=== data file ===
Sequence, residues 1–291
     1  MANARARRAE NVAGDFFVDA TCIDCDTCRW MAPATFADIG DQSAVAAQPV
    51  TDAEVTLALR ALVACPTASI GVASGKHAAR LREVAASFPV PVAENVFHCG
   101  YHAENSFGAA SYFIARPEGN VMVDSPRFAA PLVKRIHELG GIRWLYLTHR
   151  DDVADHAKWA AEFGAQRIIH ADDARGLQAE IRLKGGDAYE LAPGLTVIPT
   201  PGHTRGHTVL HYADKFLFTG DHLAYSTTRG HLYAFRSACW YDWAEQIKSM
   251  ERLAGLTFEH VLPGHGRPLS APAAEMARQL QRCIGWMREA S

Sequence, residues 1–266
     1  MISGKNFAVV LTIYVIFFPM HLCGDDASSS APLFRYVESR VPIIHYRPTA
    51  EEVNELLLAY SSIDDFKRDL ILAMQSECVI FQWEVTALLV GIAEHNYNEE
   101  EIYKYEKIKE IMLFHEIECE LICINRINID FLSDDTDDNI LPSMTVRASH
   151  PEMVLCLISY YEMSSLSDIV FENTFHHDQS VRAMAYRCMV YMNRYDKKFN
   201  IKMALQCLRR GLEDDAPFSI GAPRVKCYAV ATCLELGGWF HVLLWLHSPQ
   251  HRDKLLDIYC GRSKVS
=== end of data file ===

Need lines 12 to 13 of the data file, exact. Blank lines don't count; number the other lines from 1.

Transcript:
   151  PEMVLCLISY YEMSSLSDIV FENTFHHDQS VRAMAYRCMV YMNRYDKKFN
   201  IKMALQCLRR GLEDDAPFSI GAPRVKCYAV ATCLELGGWF HVLLWLHSPQ